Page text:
I’ve been caught in a cycle for the past few months that looks a little something like this:
- Week 1: Existential crisis
- Week 2: Less panicking, careful consideration of my career and school options
- Week 3: Decide I’m not decided enough for grad school and can’t afford to waste my time on a random pursuit like massage therapy
- Week 4: Comfort myself with fulfilling projects until the next existential crisis
Therefore, when T-Mobile decided that one of its T-Mobile Tuesday perks was going to be a free class from Shaw Academy, I was elated (and very skeptical). I’ve wanted to take up graphic design for so long but could never justify it. If I’m going to go back to school, the results need to be tangible. I’ve been doing the freelance/work from home thing for a few months now and it is not all it’s cracked up to be.
When I looked through the reviews for Shaw Academy, they were pretty mixed. Some people were saying that they got charged when they were doing the free trial, some said the lectures were obviously not live, and some had other complaints about it. After seeing that it was accredited and digging around on the website, I decided that I would try the regular free trial and, if it went well, later on I would redeem the T-Mobile credit for another class. Part of me also figured that T-Mobile wouldn’t give credits to a scam school, but then I remembered that they did the whole free year of magazine subscriptions thing and figured it was pretty much on the same level.
I signed up for Principles of Graphic Design and was quite taken aback. I enrolled on a Wednesday or Thursday and the class started the following Monday. That seemed way too convenient. Then, the same day I signed up I got several text messages and 3 phone calls with verification codes for the email account I used to sign up for the class. I’m not saying that the school tried to hack my email…. but that has definitely never happened to me before. (If you do not have 2-factor authentication set up for your email accounts, you should definitely get on that!) The key thing is that they didn’t ask for my credit card information.
Despite the red flags, I logged in on Monday and attended my first lecture. There was definitely a real person teaching the class. However, it was also very definitely not live. You do have a chat option, but you aren’t talking to the professor. Instead you can talk to support. I very cheekily asked how to partake in the “live chat” that the professor kept referencing and got no response. However, this past week I attended my fifth lecture and they had a drawing for someone to receive a free year-long membership and you had to put your name in the chat. I opened the support box and noticed that support had been asking questions to help me stay engaged through the lecture. I was quite surprised.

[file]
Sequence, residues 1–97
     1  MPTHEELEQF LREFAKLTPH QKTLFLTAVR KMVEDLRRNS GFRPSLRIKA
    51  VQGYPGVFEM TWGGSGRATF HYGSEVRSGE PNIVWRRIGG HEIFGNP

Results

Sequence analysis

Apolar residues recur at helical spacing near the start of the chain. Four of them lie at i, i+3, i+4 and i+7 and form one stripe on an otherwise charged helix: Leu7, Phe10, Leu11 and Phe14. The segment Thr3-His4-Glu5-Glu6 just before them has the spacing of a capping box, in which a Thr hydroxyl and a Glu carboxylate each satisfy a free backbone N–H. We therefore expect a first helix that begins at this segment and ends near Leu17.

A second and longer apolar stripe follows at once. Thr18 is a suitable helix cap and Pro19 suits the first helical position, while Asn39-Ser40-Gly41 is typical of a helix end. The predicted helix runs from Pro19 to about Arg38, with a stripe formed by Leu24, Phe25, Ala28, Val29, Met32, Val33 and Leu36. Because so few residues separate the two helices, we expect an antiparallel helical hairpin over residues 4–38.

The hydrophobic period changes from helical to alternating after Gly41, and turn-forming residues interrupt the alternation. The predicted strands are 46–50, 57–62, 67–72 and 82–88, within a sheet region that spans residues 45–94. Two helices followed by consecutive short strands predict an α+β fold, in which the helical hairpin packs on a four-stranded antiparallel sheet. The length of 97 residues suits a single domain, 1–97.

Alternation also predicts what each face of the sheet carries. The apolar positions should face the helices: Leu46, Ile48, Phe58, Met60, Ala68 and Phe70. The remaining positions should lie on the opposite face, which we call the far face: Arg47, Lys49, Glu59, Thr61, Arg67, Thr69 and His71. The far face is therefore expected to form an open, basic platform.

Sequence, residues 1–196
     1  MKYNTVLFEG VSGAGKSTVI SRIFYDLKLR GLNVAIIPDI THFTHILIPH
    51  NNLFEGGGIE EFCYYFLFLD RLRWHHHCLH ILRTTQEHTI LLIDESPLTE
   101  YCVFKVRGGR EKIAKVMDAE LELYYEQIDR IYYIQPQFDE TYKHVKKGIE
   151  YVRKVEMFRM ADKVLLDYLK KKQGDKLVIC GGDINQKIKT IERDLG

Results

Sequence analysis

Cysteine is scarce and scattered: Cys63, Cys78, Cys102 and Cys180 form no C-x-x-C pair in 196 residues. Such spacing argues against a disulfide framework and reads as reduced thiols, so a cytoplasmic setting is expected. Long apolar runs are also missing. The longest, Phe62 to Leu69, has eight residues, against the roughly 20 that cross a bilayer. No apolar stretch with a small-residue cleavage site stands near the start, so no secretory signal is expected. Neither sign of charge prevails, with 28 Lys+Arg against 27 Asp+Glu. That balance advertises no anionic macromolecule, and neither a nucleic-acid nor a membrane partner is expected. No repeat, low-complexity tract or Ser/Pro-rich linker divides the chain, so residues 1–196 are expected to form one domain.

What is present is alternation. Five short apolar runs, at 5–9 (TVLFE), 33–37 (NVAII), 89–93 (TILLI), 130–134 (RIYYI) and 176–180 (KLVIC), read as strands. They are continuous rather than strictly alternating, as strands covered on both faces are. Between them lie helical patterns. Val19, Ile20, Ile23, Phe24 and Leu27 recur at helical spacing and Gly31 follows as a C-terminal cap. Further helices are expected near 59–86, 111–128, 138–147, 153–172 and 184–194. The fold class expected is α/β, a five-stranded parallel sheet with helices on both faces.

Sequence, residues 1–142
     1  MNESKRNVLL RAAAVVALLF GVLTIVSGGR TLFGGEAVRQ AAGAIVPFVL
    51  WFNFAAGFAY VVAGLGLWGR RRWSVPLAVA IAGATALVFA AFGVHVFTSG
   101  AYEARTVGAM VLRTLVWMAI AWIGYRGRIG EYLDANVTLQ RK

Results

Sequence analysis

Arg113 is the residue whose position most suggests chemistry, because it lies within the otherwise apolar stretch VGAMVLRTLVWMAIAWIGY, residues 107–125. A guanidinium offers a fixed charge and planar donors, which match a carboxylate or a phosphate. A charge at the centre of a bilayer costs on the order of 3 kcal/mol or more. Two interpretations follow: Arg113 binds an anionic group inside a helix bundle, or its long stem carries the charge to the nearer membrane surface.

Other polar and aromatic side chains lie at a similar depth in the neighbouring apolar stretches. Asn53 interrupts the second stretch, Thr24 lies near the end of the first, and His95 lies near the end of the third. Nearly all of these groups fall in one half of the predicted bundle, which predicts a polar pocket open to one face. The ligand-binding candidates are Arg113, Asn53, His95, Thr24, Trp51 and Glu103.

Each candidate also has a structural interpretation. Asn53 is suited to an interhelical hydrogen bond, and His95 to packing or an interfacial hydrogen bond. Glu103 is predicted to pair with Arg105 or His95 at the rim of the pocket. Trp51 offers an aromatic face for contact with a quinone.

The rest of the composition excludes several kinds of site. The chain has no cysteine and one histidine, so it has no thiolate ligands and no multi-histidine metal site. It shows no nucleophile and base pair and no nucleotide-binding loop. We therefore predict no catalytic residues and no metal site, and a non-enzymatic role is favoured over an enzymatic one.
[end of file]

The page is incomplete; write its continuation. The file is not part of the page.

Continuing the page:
While the first week was very basic, I must say I have actually really enjoyed the subsequent lectures. I went in knowing nothing about Photoshop, Illustrator, or InDesign.* After week 2, I asked my best friend to send me a picture to Photoshop and ended up making a picture of her dog being sucked into a black hole. Progress!
*In my high school photography class, we only had one assignment using a digital camera and I didn’t have Photoshop at home. I played with sharpening, contrast, and saturation, and that was it. Then, in my college photography class, we had a few more assignments where we used digital cameras, but I still only did super light editing. It’s been… 4 years since I even did that, so for all intents and purposes, I knew nothing.
I just finished my third week of lectures (meaning I’ve attended 6 in total), and I don’t feel like an expert on any of the Adobe programs, but I know where to start.
Overall, I have really enjoyed Principles of Graphic Design. The whole email thing still seems really shady… and I usually have issues with my web browser crashing after I’ve attended a lecture, but I’m not too worried. (Mostly because hubby can fix anything that happens with my computer and I know whoever it was didn’t successfully breach my email account.)
If you want to take a class and actually have proof that you know what you are doing, then this is not the program for you. You can theoretically get the equivalent of an associate’s degree through the program, but it’s not worth actually paying for, in my humble opinion. For one, there is no homework. You just take these 20 question quizzes on the material and as long as you get the answers right, you’ll get a completion certificate. Of course, if you’re interested in pursuing graphic design, I don’t think a degree matters anyway. You just have to have a good portfolio. This program works for me, though, because I’m just learning because I want to. I’m not necessarily going to do anything with the material other than make my blog look better.
When I finish this course, I am undecided on what to take next with the credit from T-Mobile. It would make sense to take the Advanced Graphic Design course, but I feel like now that I’ve gotten my feet wet with Photoshop I might be able to figure out the rest of what I want to know from YouTube tutorials. The other course I’m interested in taking is Digital Media Marketing. Luckily I have until November to decide. (Thank you, T-Mobile!)
If you’re feeling adventurous, I would definitely recommend taking a free course. Maybe consider making a new email account just for the class, though.